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Prisoner’s Lawsuit Dismissed Due to Abusive Language

Prisoner’s Lawsuit Dismissed Due to Abusive Language

The Second Circuit Court of Appeals has held that abusive language directed towards a federal magistrate judge was sufficient grounds to dismiss a prisoner’s lawsuit.

New York state prisoner Edward Koehl, while housed at the Green Haven Correctional Facility, sent several letters to a district court attacking the magistrate judge’s character, religion and fitness to preside over his case. He had originally filed suit against the prison’s medical department alleging that his constitutional rights were violated when medical staff failed to provide him with proper treatment, among other issues.

When Koehl became displeased with the way the magistrate judge was handling the case he submitted several abusive letters to the court. On January 27, 2012, the magistrate warned Koehl that if he did not stop sending abusive and insulting correspondence, sanctions against him could include dismissal of his case altogether.

Heedless of the consequences, Koehl fired off more abusive letters. In a rant dated April 9, 2012, he wrote, “[The magistrate judge] is the personification of why Jews such as myself are called KIKES.”

On April 26, 2012, the district court ordered Koehl to explain why his case should not be dismissed due to his repeated vitriolic submissions. Instead of an explanation, Koehl sent yet another insulting and abusive letter to the court.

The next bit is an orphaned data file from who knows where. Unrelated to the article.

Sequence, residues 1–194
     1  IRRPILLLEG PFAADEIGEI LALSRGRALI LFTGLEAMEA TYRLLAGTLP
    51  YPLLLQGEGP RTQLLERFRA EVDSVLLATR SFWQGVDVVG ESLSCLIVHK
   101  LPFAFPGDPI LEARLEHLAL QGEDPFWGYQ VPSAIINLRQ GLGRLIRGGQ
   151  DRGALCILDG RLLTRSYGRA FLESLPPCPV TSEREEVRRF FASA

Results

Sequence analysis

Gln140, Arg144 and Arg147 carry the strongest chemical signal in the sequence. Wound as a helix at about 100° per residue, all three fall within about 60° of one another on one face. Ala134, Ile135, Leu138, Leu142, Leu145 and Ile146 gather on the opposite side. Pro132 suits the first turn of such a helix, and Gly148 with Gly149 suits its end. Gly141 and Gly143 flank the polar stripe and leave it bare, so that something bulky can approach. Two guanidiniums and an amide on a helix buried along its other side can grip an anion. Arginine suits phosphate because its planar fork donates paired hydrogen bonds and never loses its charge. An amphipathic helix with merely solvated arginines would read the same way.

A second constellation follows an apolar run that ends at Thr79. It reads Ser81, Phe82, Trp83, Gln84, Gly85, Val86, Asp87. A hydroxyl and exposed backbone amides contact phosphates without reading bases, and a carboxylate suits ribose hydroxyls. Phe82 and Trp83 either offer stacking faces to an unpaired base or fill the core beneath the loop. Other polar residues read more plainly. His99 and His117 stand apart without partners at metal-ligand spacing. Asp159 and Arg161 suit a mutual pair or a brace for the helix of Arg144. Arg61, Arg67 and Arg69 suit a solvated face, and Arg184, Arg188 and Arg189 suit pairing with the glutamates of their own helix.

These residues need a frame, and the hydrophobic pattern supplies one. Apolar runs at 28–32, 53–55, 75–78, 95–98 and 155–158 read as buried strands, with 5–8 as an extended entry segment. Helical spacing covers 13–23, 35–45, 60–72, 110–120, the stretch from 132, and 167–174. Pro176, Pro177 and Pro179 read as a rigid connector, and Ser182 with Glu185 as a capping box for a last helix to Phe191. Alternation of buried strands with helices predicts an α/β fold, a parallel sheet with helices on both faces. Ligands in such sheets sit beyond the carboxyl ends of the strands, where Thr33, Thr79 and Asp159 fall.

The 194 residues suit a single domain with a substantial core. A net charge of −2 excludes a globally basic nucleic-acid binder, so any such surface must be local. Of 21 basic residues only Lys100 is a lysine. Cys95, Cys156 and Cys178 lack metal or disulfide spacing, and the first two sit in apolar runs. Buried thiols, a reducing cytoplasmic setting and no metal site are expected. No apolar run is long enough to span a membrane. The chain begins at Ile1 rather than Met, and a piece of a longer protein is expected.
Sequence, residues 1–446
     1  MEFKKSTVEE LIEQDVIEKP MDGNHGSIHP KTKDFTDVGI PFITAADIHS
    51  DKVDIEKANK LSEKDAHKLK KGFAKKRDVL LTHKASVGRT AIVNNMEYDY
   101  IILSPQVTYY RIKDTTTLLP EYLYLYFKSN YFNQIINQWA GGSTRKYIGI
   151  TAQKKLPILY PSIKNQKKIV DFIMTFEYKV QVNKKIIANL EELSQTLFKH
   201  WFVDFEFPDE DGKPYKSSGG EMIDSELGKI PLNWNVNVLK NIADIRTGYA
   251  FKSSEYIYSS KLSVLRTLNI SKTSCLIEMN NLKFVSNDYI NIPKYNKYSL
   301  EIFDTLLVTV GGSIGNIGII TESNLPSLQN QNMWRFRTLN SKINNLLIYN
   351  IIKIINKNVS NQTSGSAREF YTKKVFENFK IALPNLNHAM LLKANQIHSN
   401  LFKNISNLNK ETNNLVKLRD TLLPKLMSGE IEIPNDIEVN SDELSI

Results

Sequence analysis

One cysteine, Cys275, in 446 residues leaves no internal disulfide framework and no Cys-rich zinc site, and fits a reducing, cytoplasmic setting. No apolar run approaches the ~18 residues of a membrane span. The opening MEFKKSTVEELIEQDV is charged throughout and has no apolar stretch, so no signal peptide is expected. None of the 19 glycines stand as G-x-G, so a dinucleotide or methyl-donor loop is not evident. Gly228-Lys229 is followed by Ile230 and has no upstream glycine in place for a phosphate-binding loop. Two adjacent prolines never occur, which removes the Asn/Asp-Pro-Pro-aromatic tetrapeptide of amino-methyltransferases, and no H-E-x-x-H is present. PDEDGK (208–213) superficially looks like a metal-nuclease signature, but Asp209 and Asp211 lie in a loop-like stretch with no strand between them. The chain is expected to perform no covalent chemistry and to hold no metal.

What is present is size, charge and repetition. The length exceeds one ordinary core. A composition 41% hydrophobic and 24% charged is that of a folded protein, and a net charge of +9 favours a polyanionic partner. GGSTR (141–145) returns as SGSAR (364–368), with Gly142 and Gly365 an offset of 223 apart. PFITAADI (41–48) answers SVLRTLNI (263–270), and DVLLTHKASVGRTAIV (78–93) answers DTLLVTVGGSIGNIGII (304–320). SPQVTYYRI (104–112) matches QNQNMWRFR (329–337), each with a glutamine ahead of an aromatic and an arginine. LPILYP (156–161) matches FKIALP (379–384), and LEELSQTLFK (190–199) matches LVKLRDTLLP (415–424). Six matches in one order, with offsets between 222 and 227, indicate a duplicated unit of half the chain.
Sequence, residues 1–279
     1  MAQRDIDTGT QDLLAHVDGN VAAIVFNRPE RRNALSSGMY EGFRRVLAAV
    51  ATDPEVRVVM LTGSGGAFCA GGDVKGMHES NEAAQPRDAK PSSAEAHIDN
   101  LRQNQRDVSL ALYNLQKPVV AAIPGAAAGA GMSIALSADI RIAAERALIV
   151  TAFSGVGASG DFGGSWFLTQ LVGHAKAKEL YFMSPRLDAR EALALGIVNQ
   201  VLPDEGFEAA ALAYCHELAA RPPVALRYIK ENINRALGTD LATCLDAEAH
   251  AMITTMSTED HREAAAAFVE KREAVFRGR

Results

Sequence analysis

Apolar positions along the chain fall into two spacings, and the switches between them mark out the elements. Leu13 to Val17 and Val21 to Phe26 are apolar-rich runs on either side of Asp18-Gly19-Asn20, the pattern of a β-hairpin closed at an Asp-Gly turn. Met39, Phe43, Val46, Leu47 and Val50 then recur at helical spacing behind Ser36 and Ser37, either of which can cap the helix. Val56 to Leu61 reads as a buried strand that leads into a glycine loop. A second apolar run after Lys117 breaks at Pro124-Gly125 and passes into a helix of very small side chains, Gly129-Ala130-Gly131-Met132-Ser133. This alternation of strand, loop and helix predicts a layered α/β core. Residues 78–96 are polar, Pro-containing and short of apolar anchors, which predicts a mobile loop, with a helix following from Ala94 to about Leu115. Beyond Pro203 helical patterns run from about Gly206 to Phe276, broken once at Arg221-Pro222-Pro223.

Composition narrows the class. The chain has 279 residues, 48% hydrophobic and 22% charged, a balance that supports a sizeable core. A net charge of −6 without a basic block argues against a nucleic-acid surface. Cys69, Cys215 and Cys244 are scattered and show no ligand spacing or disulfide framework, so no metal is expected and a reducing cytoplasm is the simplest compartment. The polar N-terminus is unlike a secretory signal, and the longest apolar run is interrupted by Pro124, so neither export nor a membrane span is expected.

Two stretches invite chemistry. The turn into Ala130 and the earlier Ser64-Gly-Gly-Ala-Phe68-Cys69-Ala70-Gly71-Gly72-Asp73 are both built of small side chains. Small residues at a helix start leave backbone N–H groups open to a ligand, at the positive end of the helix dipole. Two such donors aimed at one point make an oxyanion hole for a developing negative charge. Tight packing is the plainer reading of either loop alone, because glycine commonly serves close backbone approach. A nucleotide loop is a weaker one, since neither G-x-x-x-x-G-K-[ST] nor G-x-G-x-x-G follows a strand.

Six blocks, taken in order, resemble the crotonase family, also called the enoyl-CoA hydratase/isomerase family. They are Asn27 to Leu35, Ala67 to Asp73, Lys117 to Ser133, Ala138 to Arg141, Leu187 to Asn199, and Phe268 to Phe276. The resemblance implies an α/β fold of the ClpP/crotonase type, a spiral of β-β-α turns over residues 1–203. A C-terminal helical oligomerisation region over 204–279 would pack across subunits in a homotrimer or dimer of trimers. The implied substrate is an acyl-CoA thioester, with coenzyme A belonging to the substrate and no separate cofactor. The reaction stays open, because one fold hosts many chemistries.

The magistrate judge filed a report and recommendation proposing that Koehl’s case be dismissed with prejudice; the following month the district court adopted the recommendation, and Koehl appealed.

Upon review, the Second Circuit affirmed the lower court’s ruling. The appellate court stated that while the mere accusation of bias “cannot be deemed actionable misconduct on the part of a litigant or attorney.... The right to accuse a judge of bias (or of misconduct) does not carry with it the right to abuse and insult.... Our [liberal] pro se practice is a shield against the technical requirements of a past age; it is not a sword with which to insult a trial judge.”

The Court of Appeals clarified that “The offending conduct for which the sanction was imposed was not Koehl’s accusations that the Magistrate Judge was biased against him, but rather his offensive, abusive, and insulting language.”

Koehl had referred to the magistrate as “a gay basher and homophobic,” said he was “pure evil” and stated, “you disgrace the bench with every breath you take.” Further, he wrote that the magistrate judge “constantly lies and falsifies his orders to protect the state government defendants. He should literally be in a prison cell until hell’s representative comes and gets him.” See: Koehl v. Bernstein, 740 F.3d 860 (2d Cir. 2014).

This decision reaffirms the common sense notion that it is never a good idea to insult the judge presiding over your case.

Additional source: New York Law Journal

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Related legal case

Koehl v. Bernstein